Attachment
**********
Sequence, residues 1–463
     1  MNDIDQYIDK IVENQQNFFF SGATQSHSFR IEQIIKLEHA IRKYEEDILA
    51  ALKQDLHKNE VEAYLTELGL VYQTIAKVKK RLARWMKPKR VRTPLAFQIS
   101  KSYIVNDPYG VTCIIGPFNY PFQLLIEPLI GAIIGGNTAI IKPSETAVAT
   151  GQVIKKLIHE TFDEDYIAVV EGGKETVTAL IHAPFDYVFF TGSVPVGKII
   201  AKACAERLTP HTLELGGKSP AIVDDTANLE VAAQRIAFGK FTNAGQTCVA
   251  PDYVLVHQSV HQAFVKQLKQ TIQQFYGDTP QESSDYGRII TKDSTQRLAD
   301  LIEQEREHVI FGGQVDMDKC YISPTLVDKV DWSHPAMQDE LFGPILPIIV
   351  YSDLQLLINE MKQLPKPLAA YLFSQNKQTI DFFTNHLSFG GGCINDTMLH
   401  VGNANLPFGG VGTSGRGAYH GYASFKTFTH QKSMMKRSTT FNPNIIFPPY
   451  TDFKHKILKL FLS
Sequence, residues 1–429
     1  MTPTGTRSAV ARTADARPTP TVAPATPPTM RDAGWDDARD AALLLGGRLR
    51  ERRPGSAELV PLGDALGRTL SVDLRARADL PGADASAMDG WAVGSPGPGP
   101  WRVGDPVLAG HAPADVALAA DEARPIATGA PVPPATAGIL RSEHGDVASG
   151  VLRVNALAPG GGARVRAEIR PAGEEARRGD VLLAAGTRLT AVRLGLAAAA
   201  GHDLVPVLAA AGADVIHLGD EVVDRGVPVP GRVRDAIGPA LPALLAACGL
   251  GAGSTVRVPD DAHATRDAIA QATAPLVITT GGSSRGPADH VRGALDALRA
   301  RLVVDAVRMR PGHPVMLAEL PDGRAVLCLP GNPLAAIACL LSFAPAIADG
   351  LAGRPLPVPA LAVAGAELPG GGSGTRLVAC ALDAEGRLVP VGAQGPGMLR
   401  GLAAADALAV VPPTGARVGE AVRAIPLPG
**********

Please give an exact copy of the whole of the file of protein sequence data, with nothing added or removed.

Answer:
Sequence, residues 1–463
     1  MNDIDQYIDK IVENQQNFFF SGATQSHSFR IEQIIKLEHA IRKYEEDILA
    51  ALKQDLHKNE VEAYLTELGL VYQTIAKVKK RLARWMKPKR VRTPLAFQIS
   101  KSYIVNDPYG VTCIIGPFNY PFQLLIEPLI GAIIGGNTAI IKPSETAVAT
   151  GQVIKKLIHE TFDEDYIAVV EGGKETVTAL IHAPFDYVFF TGSVPVGKII
   201  AKACAERLTP HTLELGGKSP AIVDDTANLE VAAQRIAFGK FTNAGQTCVA
   251  PDYVLVHQSV HQAFVKQLKQ TIQQFYGDTP QESSDYGRII TKDSTQRLAD
   301  LIEQEREHVI FGGQVDMDKC YISPTLVDKV DWSHPAMQDE LFGPILPIIV
   351  YSDLQLLINE MKQLPKPLAA YLFSQNKQTI DFFTNHLSFG GGCINDTMLH
   401  VGNANLPFGG VGTSGRGAYH GYASFKTFTH QKSMMKRSTT FNPNIIFPPY
   451  TDFKHKILKL FLS
Sequence, residues 1–429
     1  MTPTGTRSAV ARTADARPTP TVAPATPPTM RDAGWDDARD AALLLGGRLR
    51  ERRPGSAELV PLGDALGRTL SVDLRARADL PGADASAMDG WAVGSPGPGP
   101  WRVGDPVLAG HAPADVALAA DEARPIATGA PVPPATAGIL RSEHGDVASG
   151  VLRVNALAPG GGARVRAEIR PAGEEARRGD VLLAAGTRLT AVRLGLAAAA
   201  GHDLVPVLAA AGADVIHLGD EVVDRGVPVP GRVRDAIGPA LPALLAACGL
   251  GAGSTVRVPD DAHATRDAIA QATAPLVITT GGSSRGPADH VRGALDALRA
   301  RLVVDAVRMR PGHPVMLAEL PDGRAVLCLP GNPLAAIACL LSFAPAIADG
   351  LAGRPLPVPA LAVAGAELPG GGSGTRLVAC ALDAEGRLVP VGAQGPGMLR
   401  GLAAADALAV VPPTGARVGE AVRAIPLPG